The psychological and mental development of a person takes its course with a major input form his or her surroundings. Additionally, the mental and physical capabilities of a person depend on a number of factors. The most important factor, of course, is the personal conviction and resilience of a person. Although the debate on the extent and complexity of human psychology will linger on for eternity, scientists have already reached some conclusions. Human psychology, due to its evolving nature, generates a set of questions that need to be answered that is the scope of personality development, and its impacts on treating disabilities. The second, and more important one, is the confusion about the success of life span treatments.
Life span development theory viz a viz the treatment of lifelong disabilities can be defined in a number of ways (Juntunen & Atkinson, 2001). The theory of life span development essentially puts its focus on the growth and evolution of a disability and the counter measures taken to prevent or cure it. The core of the theory lies in planning and executing processes and exercises that help a person overcome his or her disabilities over a long period of his life. As in the words, the theory looks great and highly implemental. In real life, however, the things are actually quite different. Even some psychologists often misunderstand development psychology, as a whole. The theory essentially involves the practical implementation that transcends the barriers between a patient and a counselor.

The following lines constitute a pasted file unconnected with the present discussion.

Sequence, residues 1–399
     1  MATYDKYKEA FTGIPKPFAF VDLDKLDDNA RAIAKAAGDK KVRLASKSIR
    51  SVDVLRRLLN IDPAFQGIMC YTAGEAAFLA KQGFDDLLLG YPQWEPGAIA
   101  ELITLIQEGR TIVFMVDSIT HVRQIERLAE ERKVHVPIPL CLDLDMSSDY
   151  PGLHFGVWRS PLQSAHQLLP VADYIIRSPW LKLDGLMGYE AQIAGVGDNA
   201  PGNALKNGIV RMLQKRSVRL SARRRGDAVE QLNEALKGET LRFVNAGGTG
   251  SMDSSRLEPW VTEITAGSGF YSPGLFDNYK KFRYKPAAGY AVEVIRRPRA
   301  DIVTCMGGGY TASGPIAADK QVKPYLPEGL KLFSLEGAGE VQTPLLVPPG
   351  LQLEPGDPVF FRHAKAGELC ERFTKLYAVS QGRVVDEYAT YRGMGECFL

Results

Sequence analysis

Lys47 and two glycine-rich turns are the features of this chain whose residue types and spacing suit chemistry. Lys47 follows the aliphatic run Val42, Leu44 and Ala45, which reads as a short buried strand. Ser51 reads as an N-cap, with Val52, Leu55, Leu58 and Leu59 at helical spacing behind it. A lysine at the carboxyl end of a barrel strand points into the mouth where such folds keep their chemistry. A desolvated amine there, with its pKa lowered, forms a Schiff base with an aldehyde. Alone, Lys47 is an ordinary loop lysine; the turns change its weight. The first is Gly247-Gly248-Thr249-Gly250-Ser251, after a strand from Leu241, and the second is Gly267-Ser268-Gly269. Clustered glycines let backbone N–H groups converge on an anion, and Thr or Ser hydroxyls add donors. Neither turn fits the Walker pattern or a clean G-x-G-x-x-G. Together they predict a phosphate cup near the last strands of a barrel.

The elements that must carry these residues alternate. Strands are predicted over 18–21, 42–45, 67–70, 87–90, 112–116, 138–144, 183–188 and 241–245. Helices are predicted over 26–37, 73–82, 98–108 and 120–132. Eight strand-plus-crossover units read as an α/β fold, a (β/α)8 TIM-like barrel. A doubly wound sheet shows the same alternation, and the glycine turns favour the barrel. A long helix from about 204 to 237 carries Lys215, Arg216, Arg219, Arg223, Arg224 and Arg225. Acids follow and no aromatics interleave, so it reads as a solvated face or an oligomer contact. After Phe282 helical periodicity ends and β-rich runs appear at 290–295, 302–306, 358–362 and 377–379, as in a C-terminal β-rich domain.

Sigmund Freud pointed out in his theories of human evolution that the “id” plays a crucial role in the overall development of a person. Although ego does play a more pivotal role in the later life, “id” gets the ball rolling. Mental development starts from the pre-natal years. A person acts under the commands of id for many years after birth. After the onset of ego, the situation does change but not in every person. At times, id overwhelms the rational thinking generated by ego and vice versa. According to life-span theory, the super ego is thus the deciding factor under these situations.
Super ego does help in the third-stage development of human beings but it is not the final deciding factor. Unlike some parts of the theory – that suggest a controlling nature of super ego –the ego that floats freely in the conscious, preconscious and unconscious stages. The life story of a terminally person can effectively define this conflict. A person let us suppose his name as Alex was injured in a car crash. The injuries were severe and affected his body as well as brain. While the body paralysis was controlled after physical therapies, mental development and capabilities came to a standstill.
Traumatic brain injuries are known for altering the lifestyles of the persons affected. It was the case with Alex. After the initial recuperation, the actual test started, both for him as well as his family and counselors. He lost his memory almost to its entirety. The rehabilitation, both physical and mental, thus posed huge challenges for the caregivers. Now, as per the tenants of life-span theory, he has to be re-acquiesced with his previous life to bring improvement. That is actually a very difficult process. First, the caregivers had to position themselves as per the needs and demands of that person. The biological changes were severe enough that it altered the lives of his family.